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Evaluation of a smoke evacuator used for laser surgery.
Smith JP; Moss CE; Bryant CJ; Fleeger AK
Lasers Surg Med 1989 May/Jun; 9(3):276-281
The effectiveness of a smoke evacuation system used for laser surgery was assessed. A 30 watt medical carbon-dioxide continuous wave laser was used to make incisions in a pork chop to simulate smoke production during laser surgery. A commercially available smoke evacuation system was used to control the resultant smoke, the concentrations of which were measured at 6 inches and at 3 and 4 feet from the interaction site. The nozzle of the evacuator was positioned 2, 6 and 12 inches from the surgical site to measure the relative effectiveness of the control. Complete control of smoke was achieved when the nozzle was located at 2 inches, but significant amounts of smoke escaped when the nozzle was located at 6 and 12 inches. Suggestions for use of the smoke evacuation system and areas for further study were given. The authors conclude that nozzle distances of more than 2 inches are likely to expose personnel working near the interaction site to high smoke concentrations; they recommend pursuit of other emission control methods and efforts to reduce system noise.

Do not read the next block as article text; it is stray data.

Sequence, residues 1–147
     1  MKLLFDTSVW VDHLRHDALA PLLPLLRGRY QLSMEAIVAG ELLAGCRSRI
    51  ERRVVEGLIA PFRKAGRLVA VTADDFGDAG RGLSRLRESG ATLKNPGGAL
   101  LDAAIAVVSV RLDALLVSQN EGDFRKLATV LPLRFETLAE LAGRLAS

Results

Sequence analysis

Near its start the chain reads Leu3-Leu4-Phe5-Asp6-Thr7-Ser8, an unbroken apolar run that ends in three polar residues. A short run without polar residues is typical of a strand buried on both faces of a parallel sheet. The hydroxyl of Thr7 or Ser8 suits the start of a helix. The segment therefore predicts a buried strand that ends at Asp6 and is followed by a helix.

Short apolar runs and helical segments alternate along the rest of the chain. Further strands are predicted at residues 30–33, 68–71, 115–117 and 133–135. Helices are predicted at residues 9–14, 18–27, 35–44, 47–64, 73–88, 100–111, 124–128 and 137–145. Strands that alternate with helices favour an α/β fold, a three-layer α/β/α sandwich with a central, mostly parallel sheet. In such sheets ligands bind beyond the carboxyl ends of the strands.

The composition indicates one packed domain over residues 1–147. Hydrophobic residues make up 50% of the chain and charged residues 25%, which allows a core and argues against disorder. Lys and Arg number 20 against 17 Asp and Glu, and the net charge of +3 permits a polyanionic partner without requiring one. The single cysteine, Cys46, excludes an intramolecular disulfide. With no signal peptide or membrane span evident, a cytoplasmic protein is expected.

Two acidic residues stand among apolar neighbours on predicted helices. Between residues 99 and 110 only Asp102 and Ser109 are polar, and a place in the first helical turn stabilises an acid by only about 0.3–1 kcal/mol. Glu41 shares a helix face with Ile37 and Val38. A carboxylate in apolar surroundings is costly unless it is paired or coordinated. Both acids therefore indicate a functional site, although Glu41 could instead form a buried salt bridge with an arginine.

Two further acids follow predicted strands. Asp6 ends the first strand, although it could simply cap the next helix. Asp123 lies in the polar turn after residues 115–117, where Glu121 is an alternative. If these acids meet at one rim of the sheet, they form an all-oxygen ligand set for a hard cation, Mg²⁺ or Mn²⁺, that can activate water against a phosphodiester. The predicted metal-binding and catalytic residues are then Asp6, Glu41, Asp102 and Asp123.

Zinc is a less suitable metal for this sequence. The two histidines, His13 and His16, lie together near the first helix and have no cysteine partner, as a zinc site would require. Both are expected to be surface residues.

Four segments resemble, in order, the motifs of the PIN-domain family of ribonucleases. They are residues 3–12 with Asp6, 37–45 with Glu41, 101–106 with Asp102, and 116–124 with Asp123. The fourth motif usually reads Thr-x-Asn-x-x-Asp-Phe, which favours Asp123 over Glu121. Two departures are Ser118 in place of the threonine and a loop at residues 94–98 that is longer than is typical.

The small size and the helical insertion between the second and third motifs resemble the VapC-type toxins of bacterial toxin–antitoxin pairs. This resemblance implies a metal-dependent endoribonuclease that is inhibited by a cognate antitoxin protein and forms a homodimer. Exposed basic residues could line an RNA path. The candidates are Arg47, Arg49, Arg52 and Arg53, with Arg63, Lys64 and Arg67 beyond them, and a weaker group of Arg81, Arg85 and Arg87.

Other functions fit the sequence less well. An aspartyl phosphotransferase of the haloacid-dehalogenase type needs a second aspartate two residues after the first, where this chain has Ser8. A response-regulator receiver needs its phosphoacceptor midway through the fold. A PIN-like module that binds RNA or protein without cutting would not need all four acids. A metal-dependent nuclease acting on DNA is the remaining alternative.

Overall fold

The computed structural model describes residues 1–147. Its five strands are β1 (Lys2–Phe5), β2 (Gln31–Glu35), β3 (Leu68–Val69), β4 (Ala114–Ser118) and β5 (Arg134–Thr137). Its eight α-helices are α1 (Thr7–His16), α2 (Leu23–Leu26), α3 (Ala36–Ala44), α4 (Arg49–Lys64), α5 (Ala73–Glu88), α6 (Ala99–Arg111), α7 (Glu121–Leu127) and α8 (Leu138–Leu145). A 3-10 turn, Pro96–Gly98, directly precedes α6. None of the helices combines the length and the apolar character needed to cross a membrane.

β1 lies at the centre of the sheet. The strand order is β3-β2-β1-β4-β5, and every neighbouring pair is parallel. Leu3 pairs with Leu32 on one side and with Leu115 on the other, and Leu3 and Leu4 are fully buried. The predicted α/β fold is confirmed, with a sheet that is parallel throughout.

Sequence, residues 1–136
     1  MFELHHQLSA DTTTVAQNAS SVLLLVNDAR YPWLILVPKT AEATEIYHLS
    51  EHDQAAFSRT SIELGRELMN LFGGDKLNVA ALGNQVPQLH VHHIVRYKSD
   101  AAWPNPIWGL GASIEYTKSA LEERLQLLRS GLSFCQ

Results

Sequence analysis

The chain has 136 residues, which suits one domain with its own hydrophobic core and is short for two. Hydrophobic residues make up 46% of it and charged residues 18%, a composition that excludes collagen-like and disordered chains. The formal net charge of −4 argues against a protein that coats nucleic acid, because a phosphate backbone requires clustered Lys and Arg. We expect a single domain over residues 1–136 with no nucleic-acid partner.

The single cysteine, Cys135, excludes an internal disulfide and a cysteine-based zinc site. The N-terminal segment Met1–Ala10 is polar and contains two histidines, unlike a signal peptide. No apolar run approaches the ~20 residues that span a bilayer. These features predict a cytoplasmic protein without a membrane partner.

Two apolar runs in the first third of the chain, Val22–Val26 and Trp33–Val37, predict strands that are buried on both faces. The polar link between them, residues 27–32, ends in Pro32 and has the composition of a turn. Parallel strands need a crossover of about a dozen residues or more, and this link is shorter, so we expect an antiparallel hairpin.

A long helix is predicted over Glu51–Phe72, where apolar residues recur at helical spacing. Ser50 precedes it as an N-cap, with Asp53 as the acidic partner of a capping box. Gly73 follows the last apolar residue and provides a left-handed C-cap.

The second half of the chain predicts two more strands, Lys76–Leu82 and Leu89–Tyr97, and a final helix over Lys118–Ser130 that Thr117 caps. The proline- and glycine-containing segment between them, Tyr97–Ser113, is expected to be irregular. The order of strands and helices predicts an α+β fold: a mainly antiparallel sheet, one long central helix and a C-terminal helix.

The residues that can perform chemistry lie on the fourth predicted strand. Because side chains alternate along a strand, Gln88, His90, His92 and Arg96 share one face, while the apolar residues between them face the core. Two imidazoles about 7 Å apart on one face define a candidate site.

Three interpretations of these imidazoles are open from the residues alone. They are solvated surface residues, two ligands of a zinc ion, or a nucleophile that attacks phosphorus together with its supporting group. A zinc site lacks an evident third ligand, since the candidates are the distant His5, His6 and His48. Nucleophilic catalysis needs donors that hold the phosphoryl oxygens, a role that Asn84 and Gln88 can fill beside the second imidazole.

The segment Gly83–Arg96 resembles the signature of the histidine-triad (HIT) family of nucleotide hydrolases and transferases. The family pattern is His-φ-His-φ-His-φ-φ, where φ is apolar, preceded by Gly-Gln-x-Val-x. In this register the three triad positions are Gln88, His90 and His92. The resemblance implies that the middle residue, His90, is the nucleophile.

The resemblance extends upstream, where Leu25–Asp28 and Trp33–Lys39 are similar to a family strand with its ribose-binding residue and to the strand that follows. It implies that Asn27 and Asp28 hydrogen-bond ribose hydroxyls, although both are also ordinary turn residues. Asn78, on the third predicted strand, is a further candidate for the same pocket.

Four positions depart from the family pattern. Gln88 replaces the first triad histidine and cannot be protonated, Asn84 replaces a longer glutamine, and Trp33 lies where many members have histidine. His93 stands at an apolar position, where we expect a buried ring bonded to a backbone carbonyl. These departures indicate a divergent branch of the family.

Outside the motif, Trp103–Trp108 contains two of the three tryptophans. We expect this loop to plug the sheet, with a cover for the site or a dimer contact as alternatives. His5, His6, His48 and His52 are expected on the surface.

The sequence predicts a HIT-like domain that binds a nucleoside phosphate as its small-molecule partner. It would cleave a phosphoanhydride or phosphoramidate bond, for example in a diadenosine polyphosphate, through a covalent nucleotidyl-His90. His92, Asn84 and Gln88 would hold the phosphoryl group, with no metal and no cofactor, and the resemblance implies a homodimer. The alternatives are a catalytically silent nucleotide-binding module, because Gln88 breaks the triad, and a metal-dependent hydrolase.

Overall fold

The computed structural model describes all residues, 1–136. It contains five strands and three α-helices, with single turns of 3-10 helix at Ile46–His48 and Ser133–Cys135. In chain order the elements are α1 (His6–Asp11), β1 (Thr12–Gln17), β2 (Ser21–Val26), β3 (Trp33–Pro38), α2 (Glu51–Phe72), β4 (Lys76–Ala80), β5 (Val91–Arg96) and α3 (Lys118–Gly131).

NIOSH-Author; Medical-personnel; Equipment-design; Lasers; Work-environment; Medical-equipment; Smoke-control; Author Keywords: emission; control; ventilation; fume
Issue of Publication
Lasers in Surgery and Medicine
Page last reviewed: September 22, 2020
Content source: National Institute for Occupational Safety and Health Education and Information Division